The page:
Apologies in advance and all round for producing another article about property in Canada just a day after our report on the transparency and fundamental strength of the nation’s real estate market, but there were five other salient points that really needed to be made. These are five reasons why the experts believe Canada’s property market won’t crash.
Far be it from us to guess the market, but we felt that these expert opinions on the state of Canada’s property market were actually very valid and certainly worth sharing with anyone contemplating an investment purchase or perhaps a relocation to Canada.
Yesterday we discussed the basic fundamentals supporting the economy as a whole in Canada, whilst shedding some light on the impact the global economic fallout is still having on the country. Today we need to add that there are many people who are convinced that the housing market is now stagnating or perhaps just stable, having reached a price ceiling beyond which the recent record gains cannot stretch – at least for the foreseeable future.
The expert opinions we’re about to cite don’t deny this fact, but what they vehemently counter is any doomsayer talking the market down to the point at which it will go bust and crash.
Opinion One – The IMF recently placed Canada at the very bottom of an international list looking at nations where home prices have been overvalued. In other words, the International Monetary Fund does not believe that Canada’s market has been over hyped, over sold, over blown or even overpriced – meaning that the country’s property market is far less likely to crash because prices are not over valued.
Opinion Two – Canada’s construction companies have not been able to, nor have they attempted to over build. Construction restrictions exist across the country in all major towns and cities, what’s more, Canada’s constructors have proved themselves to be a cautious bunch over the past decade and they have not over built. This means that, unlike in Spain for example, there is not a case of over development in Canada with tonnes of unsold property stock bringing down the market.
Opinion Three – According to Scotia Bank: “mortgage carrying costs as a share of disposable incomes are historically low, despite rising home prices.” This means that the majority of Canadians are in the position that they can comfortably afford the cost of their property, thus reducing the risk of what occurred in American occurring in Canada. People are less likely to default, be foreclosed upon and find themselves homeless, banks are less likely to suffer the fiscal fallout from such a situation, and therefore the housing market is far more safe and stable as a result.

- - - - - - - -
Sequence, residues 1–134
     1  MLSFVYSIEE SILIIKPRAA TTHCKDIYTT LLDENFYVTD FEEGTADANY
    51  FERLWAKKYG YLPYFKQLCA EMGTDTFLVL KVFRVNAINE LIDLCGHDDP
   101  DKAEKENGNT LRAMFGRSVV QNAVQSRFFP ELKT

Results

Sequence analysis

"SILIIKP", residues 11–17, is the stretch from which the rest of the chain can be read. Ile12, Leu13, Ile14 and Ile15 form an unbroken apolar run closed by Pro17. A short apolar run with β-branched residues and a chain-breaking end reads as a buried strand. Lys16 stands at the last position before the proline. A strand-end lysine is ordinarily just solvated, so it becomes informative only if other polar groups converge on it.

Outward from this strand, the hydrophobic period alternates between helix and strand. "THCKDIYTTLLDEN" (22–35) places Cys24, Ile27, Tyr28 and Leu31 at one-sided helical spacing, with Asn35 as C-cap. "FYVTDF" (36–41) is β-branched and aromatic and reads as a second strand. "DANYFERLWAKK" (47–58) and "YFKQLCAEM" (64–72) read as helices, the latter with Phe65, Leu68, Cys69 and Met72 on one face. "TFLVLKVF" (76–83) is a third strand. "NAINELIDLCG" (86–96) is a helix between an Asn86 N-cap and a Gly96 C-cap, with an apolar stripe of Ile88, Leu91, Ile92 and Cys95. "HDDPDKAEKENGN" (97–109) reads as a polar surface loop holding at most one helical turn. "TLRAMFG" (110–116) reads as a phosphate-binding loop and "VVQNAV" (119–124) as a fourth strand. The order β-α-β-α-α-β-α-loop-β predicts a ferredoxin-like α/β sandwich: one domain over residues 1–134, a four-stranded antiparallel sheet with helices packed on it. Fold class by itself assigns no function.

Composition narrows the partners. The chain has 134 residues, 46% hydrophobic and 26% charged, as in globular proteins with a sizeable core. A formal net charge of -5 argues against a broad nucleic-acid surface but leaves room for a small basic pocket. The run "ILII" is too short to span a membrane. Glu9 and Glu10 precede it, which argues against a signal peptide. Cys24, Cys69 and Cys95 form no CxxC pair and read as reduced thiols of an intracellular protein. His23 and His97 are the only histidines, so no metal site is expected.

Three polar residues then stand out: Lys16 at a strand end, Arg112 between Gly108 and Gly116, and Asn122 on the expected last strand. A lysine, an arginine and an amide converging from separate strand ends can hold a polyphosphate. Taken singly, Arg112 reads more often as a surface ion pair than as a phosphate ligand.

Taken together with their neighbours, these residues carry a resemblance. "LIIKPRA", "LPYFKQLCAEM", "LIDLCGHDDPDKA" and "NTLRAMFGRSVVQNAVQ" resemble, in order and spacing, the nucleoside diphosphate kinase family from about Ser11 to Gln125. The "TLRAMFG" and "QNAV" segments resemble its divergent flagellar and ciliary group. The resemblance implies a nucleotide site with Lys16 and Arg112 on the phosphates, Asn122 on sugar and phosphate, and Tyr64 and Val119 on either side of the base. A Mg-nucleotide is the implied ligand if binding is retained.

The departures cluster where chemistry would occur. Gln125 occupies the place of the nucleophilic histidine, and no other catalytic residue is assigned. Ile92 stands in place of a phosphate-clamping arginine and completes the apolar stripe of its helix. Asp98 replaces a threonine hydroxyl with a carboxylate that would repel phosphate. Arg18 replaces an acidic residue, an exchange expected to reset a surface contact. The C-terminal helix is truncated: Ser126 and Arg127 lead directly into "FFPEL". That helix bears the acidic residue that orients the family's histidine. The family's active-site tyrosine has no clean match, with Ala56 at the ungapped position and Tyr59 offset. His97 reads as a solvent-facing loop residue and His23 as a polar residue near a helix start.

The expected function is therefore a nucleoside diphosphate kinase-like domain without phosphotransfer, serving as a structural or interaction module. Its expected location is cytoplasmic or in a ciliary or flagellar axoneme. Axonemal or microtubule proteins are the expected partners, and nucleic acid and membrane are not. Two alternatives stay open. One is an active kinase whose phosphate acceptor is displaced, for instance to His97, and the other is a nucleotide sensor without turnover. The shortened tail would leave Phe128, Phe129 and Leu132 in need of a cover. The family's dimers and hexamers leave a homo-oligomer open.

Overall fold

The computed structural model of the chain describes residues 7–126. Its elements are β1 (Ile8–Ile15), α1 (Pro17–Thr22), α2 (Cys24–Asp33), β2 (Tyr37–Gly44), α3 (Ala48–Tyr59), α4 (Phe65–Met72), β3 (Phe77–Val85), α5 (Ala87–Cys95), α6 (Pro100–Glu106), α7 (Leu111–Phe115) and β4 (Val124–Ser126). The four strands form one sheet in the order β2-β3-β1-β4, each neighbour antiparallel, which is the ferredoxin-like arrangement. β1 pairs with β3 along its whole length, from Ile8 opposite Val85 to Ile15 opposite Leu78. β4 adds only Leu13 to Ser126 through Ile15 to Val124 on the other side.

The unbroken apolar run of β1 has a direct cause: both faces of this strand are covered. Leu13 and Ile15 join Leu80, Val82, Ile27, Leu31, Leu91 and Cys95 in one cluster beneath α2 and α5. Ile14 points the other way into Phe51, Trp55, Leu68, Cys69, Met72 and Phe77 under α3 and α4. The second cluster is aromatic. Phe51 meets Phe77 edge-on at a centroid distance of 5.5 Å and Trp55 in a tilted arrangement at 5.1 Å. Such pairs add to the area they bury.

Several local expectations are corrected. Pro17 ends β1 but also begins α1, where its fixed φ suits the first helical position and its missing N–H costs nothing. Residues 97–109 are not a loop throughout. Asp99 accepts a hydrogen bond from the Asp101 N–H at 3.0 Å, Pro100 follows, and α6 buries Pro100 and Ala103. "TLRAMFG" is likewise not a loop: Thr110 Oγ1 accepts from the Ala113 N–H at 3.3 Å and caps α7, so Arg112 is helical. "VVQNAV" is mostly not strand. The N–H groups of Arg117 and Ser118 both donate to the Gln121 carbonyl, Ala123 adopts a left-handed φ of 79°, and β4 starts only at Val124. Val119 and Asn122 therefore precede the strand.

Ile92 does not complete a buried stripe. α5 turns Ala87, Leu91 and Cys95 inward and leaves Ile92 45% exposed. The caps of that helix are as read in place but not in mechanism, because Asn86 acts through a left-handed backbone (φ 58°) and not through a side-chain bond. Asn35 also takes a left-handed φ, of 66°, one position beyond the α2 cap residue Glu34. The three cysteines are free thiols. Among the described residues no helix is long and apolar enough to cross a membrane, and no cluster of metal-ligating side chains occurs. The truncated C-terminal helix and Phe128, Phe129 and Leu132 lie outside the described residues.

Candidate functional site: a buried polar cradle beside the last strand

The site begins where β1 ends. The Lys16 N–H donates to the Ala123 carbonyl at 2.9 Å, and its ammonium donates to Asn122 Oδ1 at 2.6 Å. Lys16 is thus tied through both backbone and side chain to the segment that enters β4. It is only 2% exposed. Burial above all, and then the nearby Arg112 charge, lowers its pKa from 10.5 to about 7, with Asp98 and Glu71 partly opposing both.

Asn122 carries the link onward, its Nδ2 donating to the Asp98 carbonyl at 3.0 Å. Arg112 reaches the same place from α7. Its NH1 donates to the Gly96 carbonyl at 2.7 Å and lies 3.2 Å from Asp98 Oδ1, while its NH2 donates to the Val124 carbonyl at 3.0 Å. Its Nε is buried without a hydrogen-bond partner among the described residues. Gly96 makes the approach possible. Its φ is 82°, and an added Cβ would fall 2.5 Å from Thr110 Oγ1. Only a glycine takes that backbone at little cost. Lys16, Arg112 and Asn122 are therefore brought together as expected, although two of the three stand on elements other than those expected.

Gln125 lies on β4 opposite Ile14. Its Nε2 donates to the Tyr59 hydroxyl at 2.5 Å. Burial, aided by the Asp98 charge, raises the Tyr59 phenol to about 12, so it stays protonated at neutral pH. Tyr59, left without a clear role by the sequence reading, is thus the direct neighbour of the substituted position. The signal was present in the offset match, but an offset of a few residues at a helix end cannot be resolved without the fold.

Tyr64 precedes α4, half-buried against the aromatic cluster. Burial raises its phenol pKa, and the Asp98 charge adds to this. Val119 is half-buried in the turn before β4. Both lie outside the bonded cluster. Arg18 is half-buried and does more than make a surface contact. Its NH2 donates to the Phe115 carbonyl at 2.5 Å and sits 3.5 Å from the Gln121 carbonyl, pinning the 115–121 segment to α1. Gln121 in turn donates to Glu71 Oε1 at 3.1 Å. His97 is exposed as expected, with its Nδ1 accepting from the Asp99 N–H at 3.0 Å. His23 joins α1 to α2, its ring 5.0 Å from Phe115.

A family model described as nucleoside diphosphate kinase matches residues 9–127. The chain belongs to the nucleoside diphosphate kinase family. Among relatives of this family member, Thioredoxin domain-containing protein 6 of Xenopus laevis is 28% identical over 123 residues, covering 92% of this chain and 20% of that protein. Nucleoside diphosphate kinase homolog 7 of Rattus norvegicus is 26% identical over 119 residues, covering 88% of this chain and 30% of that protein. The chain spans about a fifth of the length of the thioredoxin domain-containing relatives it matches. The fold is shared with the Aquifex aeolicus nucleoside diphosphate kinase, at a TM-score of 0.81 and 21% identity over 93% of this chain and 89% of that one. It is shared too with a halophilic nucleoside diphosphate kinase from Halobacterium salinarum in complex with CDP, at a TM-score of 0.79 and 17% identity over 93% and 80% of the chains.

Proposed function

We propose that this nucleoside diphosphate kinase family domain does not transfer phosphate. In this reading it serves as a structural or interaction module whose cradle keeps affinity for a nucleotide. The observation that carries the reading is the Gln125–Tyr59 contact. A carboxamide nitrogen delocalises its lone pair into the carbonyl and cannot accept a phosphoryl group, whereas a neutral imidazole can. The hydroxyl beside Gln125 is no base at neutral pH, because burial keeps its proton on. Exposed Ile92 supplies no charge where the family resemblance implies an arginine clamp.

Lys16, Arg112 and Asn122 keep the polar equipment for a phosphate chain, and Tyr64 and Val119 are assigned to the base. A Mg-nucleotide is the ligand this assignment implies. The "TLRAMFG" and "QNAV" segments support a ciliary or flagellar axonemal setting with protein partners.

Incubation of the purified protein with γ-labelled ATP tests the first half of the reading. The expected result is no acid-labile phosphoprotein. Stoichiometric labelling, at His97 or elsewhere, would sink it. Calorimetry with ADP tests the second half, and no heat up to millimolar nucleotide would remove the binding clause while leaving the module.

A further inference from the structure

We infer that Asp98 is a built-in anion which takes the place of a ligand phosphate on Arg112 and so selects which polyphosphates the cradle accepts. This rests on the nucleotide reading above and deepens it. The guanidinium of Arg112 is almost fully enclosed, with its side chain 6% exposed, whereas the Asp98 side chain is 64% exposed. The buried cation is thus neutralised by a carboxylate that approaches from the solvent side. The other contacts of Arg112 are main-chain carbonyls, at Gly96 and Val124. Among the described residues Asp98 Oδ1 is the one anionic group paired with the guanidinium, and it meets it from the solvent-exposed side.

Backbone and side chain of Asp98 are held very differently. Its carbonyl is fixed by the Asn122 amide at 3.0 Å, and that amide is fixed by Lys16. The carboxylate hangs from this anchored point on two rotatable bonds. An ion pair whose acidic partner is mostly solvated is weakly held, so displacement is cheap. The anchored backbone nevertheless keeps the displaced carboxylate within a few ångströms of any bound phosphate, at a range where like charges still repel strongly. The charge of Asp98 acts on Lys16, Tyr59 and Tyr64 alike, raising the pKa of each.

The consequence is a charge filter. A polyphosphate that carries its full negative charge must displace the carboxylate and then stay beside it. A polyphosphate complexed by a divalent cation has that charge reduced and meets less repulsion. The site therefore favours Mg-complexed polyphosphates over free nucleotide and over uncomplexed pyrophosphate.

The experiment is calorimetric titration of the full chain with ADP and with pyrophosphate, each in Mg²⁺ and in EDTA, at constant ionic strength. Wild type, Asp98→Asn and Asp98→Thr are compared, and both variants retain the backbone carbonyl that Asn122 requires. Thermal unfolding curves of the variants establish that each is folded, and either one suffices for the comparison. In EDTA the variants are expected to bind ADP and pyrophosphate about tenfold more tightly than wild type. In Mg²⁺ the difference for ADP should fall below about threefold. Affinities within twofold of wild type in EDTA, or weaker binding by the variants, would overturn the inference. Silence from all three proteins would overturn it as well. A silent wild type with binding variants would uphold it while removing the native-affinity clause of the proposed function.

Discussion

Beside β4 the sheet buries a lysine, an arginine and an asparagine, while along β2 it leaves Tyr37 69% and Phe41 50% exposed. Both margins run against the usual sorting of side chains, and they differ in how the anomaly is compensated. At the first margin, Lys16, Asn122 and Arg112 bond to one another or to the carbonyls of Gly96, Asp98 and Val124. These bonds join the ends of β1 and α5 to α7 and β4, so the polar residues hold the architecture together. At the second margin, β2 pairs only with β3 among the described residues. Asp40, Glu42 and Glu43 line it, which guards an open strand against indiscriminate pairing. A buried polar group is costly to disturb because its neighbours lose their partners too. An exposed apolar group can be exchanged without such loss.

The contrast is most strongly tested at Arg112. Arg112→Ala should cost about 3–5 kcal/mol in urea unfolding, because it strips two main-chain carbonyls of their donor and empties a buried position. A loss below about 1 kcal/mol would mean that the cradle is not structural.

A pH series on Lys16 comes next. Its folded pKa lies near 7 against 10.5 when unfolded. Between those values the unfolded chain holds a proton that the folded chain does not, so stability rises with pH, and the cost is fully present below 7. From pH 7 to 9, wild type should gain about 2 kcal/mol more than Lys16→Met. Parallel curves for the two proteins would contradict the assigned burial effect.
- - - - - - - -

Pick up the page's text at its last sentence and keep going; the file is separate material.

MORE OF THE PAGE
Opinion Four – Canadian lenders never attempted to lend to the subprime market in such high and disastrous volumes as their American counterparts, therefore Canada’s mortgage market quality is sound, robust and not affected by the so called credit crunch. This means that unlike in the UK for example, where lenders are in such a tight squeeze that they are barely lending to anyone nowadays, Canada’s lenders are as secure and operating as conservatively yet securely as before. So, if one requires a mortgage in Canada and one is not subprime but somewhere between there and A grade, one is far more likely to get a loan…meaning there is affordability in the market which keeps it liquid and prevents it from crashing.
Opinion Five – One does not associate speculative home buying with Canada, what’s more, Canada is not considered a nation where investors flood the market attempting to make a quick turn around on real estate. Again according to Scotia Bank: “real price trends remain largely consistent with short-term supply-demand dynamics” – in other words, Canada’s is and long has been a market where demand for property drives price increases. As demand exists across the nation from the natural ebb and flow of the property tide, from professional migration and inward expatriate migration, so there is life in the real estate market in Canada.
As we have hopefully demonstrated, Canada’s is as healthy a property market as you will currently find. It is build upon strong foundations and there are many experts whose collective opinions all point to a situation where Canada is immune from a crash. We wouldn’t go so far as to say a crash will never happen – but property in Canada certainly looks healthier than property in the UK or the US at the current time anyway!